Malta & Gozo

The Maltese Islands (Malta, Gozo, and the much smaller and relatively undeveloped Comino) lie in the Mediterranean Sea to the south-east of Italy and Sicily.

They are strong on history; surrounded by several differing countries and cultures they have been invaded, occupied and governed by (amongst others) the Romans, Arabs, Spanish, French and British and all have left their mark.
We visited for a week one February, hoping for a little winter sunshine and warm weather. We were only partly lucky: several mild days with blue seas and skies were interspersed with rain and strong, chilly winds.

Our overall impressions of Malta were mixed, like the weather. Valletta, the principal city, has a number of interesting areas, especially the magnificent views down over the harbour areas from the Upper Barrakka Gardens. Much of the town, though, is mucky and run down, badly in need of rejuvenation and with many empty shops and premises.

St. John’s Cathedral, off the main shopping thoroughfare of Republic Street, is large and well decorated with paintings and other works of art, but nevertheless seemed a little dark and sombre. An accompanying museum houses a display of garments and uniforms associated with the church, dating back several hundred years.

Malta is small – only around 45kms long by 20kms wide – and Gozo even smaller and this makes getting around the islands relatively easy. There is an unusual and very effective bus system – unusual in that the buses are almost entirely former coaches from the UK, some dating back to the 1960s or before. Carefully renovated and maintained, all painted in the same style (yellow on Malta and grey on Gozo) they offer a relatively cheap and colourful way to get about.

Alternatively, there is car hire – because the islands are small three days in a hire car allows you to see a lot of them. Take care if driving, though - road surfaces can be very poor, there are few direction signs and the locals have yet to hear of signals.
For several miles around Valletta the surroundings are urban and, like the city itself, in need of some care and attention. Once away and into the countryside, though, we thought it got much better. The landscape is a little barren and rocky in places but has a degree of appeal and charm.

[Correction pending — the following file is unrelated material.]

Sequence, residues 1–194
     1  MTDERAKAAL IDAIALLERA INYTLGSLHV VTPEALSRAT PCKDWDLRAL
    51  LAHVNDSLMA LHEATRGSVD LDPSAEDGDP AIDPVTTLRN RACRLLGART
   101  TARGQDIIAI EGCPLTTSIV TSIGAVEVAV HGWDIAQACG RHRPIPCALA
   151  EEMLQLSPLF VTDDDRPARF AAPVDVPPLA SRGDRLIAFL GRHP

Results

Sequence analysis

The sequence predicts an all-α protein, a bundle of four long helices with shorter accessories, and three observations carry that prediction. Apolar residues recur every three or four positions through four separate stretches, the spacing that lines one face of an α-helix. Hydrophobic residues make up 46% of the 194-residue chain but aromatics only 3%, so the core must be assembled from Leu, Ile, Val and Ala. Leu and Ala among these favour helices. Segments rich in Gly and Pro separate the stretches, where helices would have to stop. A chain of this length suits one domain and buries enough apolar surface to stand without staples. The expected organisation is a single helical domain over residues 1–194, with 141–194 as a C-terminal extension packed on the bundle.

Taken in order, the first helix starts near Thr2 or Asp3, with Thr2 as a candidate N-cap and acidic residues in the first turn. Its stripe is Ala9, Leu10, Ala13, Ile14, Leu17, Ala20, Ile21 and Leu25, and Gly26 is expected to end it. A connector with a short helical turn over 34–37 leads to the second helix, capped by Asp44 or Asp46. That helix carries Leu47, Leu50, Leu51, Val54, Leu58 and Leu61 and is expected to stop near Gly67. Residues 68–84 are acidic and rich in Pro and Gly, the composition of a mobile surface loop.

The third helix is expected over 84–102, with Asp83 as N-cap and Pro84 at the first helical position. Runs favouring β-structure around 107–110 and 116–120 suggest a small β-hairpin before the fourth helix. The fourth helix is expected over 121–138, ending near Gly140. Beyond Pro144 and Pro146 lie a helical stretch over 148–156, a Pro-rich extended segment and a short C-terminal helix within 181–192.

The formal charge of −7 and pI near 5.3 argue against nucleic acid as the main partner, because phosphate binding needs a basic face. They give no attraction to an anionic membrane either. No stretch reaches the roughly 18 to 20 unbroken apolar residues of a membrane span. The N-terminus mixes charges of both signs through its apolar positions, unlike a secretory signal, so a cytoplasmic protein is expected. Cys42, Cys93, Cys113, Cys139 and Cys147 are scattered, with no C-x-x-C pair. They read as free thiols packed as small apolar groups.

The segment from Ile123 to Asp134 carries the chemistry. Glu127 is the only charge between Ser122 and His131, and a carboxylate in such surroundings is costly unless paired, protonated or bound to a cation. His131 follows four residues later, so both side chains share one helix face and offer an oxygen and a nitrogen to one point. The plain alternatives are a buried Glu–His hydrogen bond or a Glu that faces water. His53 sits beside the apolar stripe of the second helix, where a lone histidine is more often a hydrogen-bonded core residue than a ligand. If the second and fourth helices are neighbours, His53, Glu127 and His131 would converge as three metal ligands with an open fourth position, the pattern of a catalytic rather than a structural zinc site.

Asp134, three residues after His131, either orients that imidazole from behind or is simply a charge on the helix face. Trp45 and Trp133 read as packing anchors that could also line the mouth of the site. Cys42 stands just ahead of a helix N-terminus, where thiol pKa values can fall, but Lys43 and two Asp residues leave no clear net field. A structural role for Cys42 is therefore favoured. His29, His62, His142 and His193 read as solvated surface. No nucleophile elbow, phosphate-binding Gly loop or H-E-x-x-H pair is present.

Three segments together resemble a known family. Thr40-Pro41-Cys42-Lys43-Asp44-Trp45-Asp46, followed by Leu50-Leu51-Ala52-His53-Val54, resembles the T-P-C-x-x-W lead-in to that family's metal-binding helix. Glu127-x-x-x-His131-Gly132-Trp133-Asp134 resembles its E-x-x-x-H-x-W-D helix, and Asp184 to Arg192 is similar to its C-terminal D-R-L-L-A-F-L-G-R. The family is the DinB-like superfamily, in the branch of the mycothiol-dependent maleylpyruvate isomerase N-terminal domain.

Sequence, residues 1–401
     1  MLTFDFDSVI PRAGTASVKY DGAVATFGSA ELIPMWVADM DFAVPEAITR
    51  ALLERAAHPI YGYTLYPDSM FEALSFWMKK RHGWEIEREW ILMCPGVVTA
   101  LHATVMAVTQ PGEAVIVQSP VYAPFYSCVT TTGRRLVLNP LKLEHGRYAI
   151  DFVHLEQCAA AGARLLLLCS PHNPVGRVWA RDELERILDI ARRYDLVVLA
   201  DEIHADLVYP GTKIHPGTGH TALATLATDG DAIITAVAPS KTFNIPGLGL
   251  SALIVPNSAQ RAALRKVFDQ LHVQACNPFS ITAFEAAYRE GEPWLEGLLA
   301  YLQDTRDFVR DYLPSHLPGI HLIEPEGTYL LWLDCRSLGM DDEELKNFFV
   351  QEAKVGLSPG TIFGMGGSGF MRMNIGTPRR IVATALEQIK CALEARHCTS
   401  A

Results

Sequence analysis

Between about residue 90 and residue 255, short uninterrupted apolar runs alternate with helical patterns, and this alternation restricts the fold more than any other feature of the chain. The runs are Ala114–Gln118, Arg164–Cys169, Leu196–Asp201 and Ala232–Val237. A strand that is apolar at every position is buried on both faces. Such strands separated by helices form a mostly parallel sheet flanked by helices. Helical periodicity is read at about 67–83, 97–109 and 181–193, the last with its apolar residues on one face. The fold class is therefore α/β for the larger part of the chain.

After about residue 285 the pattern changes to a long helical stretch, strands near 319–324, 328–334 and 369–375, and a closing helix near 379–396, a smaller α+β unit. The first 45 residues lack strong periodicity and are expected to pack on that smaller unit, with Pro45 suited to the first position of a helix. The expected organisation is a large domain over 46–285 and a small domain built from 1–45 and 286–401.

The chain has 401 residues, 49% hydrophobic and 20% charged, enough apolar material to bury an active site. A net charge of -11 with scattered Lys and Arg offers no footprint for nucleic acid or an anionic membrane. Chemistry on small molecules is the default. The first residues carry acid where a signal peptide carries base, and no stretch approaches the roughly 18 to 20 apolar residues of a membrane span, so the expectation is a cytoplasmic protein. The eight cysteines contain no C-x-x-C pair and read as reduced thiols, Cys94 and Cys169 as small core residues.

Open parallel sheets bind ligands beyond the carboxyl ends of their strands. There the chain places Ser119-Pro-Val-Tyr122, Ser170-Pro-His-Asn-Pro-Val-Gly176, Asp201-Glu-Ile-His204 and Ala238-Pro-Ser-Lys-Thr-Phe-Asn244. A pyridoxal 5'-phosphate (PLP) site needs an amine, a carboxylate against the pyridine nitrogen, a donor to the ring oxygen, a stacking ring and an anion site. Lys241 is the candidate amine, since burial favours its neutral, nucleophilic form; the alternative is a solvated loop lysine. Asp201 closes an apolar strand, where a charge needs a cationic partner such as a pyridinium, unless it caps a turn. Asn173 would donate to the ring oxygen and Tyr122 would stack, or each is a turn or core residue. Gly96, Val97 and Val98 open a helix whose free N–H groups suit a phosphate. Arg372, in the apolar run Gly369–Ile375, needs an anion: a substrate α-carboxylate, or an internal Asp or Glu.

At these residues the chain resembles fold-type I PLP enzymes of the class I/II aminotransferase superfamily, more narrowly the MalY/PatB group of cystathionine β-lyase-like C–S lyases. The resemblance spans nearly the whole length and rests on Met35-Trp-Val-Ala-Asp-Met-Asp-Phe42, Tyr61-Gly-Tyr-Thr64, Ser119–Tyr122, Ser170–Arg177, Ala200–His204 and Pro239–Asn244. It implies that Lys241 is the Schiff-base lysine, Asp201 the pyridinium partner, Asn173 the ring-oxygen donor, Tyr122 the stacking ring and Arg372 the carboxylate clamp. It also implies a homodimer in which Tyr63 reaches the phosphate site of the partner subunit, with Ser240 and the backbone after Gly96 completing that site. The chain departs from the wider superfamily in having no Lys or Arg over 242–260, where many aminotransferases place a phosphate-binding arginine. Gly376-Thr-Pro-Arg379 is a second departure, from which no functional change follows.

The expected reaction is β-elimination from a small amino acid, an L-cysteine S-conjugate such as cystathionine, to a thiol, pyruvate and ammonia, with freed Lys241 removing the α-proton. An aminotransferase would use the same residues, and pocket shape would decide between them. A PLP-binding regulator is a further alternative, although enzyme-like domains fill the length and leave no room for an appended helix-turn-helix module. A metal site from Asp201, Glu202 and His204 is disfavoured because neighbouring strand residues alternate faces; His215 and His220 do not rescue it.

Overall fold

We enjoyed the tourist areas around St. Julian’s Bay and Paceville along the north-east, and the views and walks of the rugged coastline of the south-west in places like Dingli Cliffs and the Blue Grotto.

Marsaxlokk is a small fishing town on the south-eastern corner of the island – a good place to walk beside the sea, eat in a harbour-side restaurant, and watch colourful fishing boats of all sizes. On Sundays there’s a chance of a street market selling things ranging from the usual tourist trinkets through to live octopus.

Mdina was once the main town of the island until displaced many years ago by Valletta. Now maintained (to a large extent) as an attraction for visitors, it is one way to see the old Malta and understand the ways in which the island has been influenced over the centuries by other cultures.

We spent one day visiting the neighbouring island of Gozo - there are day trips by coach, or with a hire car you can catch the ferry from Cirkewwa. We thought Gozo more appealing in many ways than Malta itself. There is an unusual coastal formation at the Azure Window at the western end of the island, and a scenic drive along the coast roads of the north. We should have liked more time to be able to reach some of the isolated bays and beaches.

Food throughout our visit to the islands was excellent, with a wide choice of different types on offer.
St John's Cathedral
Unusual buses at the Valletta bus station
The Azure Window, on Gozo
Valletta from Sliema
Mdina
The harbour at Marsaxlokk
Old doorway in Valletta
Part of the view from Upper Barrakka Gardens